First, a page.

Updated: Dec 1, 2022
By DiverseMinds Research Team
Reading time 3 minutes ⏰
A mental health illness known as attention deficit hyperactivity disorder (ADHD) is characterised by inattentive, hyperactive, or impulsive behaviour patterns. These symptoms can cause problems at home, at school, and in other aspects of life.
Many misconceptions portray ADHD as a disorder that mostly affects guys.
This stereotype appears to be supported by evidence: Boys are more than twice as likely to be diagnosed with ADHD in childhood, according to a 2018 studyTrusted Source. However, according to an older 2014 studyTrusted Source, the disparity narrows slightly among people diagnosed with ADHD.
While it is true that males have a larger likelihood of being diagnosed with ADHD, this does not mean they are more likely to have the disorder.
We believe that physicians at Trusted Source commonly miss ADHD in girls for a few reasons:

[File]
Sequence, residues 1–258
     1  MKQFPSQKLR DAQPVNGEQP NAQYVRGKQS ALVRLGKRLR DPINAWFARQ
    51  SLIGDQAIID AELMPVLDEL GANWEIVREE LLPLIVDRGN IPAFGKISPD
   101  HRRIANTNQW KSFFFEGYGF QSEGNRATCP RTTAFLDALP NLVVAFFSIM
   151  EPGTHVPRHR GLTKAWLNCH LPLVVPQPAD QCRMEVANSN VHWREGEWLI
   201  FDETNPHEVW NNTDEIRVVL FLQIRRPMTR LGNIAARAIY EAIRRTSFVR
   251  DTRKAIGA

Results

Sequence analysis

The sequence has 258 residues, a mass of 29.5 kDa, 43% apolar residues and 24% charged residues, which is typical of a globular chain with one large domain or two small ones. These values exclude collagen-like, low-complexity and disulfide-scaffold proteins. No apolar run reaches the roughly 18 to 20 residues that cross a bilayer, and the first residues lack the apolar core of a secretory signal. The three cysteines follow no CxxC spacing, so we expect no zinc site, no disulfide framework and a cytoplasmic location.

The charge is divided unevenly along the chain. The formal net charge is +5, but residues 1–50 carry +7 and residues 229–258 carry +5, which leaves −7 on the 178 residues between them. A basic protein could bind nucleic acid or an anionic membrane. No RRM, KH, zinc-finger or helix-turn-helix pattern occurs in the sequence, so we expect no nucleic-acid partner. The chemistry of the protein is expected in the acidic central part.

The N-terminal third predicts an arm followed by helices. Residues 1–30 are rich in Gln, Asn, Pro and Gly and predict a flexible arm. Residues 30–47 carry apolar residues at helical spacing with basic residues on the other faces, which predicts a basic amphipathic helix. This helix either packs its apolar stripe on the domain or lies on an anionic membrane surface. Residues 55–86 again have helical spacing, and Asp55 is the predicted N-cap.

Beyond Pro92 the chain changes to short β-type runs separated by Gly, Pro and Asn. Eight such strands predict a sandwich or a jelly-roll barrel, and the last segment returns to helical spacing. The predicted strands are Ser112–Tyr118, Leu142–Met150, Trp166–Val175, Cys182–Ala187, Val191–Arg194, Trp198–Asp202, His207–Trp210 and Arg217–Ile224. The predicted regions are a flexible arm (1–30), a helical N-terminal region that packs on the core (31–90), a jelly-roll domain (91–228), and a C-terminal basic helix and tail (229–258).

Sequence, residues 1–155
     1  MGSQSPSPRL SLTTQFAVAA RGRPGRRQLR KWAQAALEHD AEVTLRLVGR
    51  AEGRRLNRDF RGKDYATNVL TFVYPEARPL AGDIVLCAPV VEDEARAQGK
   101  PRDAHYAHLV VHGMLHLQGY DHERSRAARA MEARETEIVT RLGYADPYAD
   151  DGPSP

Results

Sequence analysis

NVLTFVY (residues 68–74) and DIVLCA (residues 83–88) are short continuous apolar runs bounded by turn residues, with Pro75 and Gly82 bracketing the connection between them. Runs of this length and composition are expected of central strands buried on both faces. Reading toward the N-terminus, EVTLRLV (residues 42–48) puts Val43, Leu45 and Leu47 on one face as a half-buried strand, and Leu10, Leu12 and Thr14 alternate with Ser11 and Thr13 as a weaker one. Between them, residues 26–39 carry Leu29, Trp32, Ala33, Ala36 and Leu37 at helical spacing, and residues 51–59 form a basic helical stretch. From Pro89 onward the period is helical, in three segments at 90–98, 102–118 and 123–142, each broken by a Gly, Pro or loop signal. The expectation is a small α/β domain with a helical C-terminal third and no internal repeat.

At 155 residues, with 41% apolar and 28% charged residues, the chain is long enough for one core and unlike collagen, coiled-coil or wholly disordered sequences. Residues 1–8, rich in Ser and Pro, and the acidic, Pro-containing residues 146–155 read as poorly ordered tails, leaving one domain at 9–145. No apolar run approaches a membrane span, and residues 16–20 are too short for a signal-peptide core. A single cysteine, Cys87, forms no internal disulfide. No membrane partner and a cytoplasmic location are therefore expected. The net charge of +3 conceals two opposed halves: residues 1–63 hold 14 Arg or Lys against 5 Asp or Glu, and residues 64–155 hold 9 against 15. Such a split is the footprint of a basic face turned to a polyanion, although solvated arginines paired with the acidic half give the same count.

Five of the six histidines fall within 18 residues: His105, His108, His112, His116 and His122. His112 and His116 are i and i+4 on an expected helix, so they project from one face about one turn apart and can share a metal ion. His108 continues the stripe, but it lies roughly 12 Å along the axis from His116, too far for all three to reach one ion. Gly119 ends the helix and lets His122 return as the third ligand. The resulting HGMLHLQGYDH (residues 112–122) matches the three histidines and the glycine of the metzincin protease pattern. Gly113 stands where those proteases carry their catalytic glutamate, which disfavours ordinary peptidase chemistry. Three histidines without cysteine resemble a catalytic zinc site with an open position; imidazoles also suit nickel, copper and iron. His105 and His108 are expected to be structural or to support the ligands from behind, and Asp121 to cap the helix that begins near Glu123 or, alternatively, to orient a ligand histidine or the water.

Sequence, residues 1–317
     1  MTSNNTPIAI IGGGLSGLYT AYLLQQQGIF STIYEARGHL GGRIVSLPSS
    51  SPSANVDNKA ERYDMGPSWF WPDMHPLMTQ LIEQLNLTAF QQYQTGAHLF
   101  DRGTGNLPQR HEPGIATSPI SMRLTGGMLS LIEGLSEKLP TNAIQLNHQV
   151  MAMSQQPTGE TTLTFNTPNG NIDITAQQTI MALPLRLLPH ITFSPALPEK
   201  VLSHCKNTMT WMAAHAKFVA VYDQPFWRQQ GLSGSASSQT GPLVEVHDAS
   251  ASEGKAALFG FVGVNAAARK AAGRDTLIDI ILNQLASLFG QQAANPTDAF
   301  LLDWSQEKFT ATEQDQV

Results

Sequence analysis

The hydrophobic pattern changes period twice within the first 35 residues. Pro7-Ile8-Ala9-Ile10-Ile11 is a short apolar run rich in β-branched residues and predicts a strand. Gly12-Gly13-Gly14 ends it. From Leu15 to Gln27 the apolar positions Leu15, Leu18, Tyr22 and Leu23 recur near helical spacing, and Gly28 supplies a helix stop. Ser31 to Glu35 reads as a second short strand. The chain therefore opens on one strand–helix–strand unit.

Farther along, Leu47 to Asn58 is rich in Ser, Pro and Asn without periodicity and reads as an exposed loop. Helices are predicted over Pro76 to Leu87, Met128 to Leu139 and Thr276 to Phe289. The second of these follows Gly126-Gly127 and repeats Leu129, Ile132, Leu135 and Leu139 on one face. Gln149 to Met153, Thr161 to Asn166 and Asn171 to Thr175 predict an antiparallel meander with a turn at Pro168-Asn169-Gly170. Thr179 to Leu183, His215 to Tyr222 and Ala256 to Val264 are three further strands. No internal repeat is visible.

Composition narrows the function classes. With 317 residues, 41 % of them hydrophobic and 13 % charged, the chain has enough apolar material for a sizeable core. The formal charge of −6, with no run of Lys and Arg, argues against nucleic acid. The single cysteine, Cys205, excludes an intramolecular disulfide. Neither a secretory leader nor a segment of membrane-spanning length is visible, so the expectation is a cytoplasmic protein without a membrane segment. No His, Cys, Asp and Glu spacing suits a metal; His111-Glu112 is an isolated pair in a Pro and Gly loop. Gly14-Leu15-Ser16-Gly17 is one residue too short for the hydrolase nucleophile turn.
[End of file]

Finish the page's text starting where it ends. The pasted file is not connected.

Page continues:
Internalized (and less visible) symptoms are more common among them.
They're more prone to employ coping mechanisms that assist them conceal their symptoms.
Girls are less likely to be referred for diagnosis and treatment by their parents and instructors.
Girls who do not receive the proper diagnosis are less likely to receive the appropriate support. As a result, the difficulties kids face at home and at school often remain into adulthood, having a significant influence on their career, social connections, and general quality of life.